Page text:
Next door is Ipitou The Bar, a corner spot with a big terrace and generous drinks, where you can sit outside under the festive fairy lights.
Minutes from Ipitou is Nolan (31 Voulis), a Japanese-Greek fusion restaurant that has made waves on the Athenian culinary scene since opening in 2014. Founded by Sotiris Kontizas, a chef with credentials from Nobu, the restaurant serves up a glorious hybrid of Asian and Mediterranean cuisines. Dishes arrive one by one, and are notable for innovative ingredient pairings: think soba noodles with tahini sauce and salmon sashimi or short fin squid with fennel, best enjoyed over rice. Nolan’s signature fried chicken packs a satisfyingly crispy punch.
Plates here are designed to be shared and, while they’re slightly more expensive than your average taverna options, the imaginative concoctions will have you ordering generously – nevertheless, your stomach will thank you. A drinks menu of Greek wines and unpasteurised island beers provides a harmonious complement to the food. The restaurant’s reputation means reservations are essential. If you can’t get a table at Nolan, there are plenty of tasty options nearby.
Oinoscent (45-47 Voulis), the city’s first wine bar, wisely pairs food to its 700 wines, rather than the other way around. Handmade flatbreads, sea bass ceviche or beef ragu sit alongside locally-sourced cheese and charcuterie boards. For an altogether meatier meal (the kind that makes charcuterie look positively restrained), head to Spitjack (10 Skoufou) for decadent rotisserie chicken and duck, porchetta and beef picanha in big, shareable portions, with sides of classic corn-on-the-cob and horseradish mashed potatoes. American-inspired cocktails and Parisian-inspired chandeliers add to the lavish atmosphere. Leave ample time to digest.
Whatever sumptuous feast you’ve enjoyed, you should finish your evening by embracing the vibrant bar scene to be found in the commercial triangle – between the main squares of Omonia, Monastiraki and Syntagma – at the center of the city. This area is home to the city’s broadest selection of drinking holes.
Your first stop should be Senios (15 Kalamiotou), a new-age Greek drinking spot that prides itself on old-school values of elegance and precision. A barrel-lined wall is the bar’s showpiece, but what happens behind the bar is the real attraction: award-winning mixologists create dreamlike Negronis, Martinis, and perfect Old Fashioneds.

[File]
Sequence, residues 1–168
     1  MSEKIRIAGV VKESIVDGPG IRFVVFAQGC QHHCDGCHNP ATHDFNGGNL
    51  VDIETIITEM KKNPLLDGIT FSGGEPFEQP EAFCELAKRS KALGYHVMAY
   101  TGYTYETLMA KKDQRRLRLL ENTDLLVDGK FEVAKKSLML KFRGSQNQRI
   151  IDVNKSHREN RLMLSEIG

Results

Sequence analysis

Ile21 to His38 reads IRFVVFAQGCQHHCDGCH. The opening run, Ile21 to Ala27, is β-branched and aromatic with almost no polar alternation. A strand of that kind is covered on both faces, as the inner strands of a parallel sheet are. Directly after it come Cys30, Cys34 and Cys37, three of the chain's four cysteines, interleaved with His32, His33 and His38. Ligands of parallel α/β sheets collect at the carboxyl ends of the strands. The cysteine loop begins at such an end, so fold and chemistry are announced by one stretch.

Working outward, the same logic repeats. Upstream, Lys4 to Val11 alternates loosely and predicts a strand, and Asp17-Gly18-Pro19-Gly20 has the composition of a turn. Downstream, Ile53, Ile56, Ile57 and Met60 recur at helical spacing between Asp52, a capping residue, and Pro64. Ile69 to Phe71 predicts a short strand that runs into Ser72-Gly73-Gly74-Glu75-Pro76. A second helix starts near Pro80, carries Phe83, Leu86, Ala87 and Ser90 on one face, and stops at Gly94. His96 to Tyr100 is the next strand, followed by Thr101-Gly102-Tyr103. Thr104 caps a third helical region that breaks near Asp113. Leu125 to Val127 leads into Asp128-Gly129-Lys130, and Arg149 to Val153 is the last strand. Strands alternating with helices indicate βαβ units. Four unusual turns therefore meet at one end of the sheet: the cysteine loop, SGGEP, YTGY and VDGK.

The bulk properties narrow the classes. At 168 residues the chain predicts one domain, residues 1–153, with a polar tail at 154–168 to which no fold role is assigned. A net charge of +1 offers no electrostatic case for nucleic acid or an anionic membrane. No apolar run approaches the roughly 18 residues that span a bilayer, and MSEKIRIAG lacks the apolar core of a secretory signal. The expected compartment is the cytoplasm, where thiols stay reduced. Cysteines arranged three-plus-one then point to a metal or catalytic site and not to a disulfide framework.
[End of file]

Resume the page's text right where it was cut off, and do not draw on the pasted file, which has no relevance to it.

Nearby is the aptly named Noel (59B Kolokotroni), a sparkling bar; its ornate Christmas decorations and general holiday theme are guaranteed to put you in the festive spirit. Later, head up Kolokotroni – perhaps with a short detour via world-renowned Baba au Rum (6 Klitiou) – to Kolokotroni 9 (9 Kolokotroni), an intimate hang-out with regular DJ sets, and The Bank Job (13 Kolokotroni), a bustling bar with extravagant cocktails. For a grand finale, head to Drunk Sinatra (16 Thiseos), where technicolor drinks will have you seeing double.
Art and History
Spend a morning with the custodians of culture. Along busy Vasilissis Sofias – known as the Museum avenue – you’ll find the Benaki Museum (1 Koumpari), the Museum of Cycladic Art (4 Neofitou Douka), the Christian and Byzantine Museum (22 Vasilissis Sofias) and the B. & M. Theocharakis Foundation (1 Merlin).
Start at the Cycladic, where collections of ancient Greek, Cycladic and Cypriot art are housed within the main building, while temporary exhibitions featuring internationally renowned artists are held in the Stathatos Mansion next door. At the Benaki, ancient Greek, Byzantine and neo-Hellenic works, including ceramics, jewelry, paintings and sculpture, are on display in the stately neoclassical building. The Byzantine Museum covers the oft-overlooked period of history between the end of the Classical period and arrival of the Ottomans. The museum’s lush gardens represent the Byzantine concept of Paradise. On a slightly different note, the B. & M. Theocharakis Foundation celebrates both music and the visual arts, with regular exhibitions on the floors above its main concert space.
Enjoy the fresh air with a walk through the National Garden, behind Syntagma Square, a sanctuary for botany lovers and home to over 500 different plants. You’ll encounter statues of Greek philosophers, politicians and monarchs, as well as an impressive rendering of Lord Byron, scattered throughout its green spaces.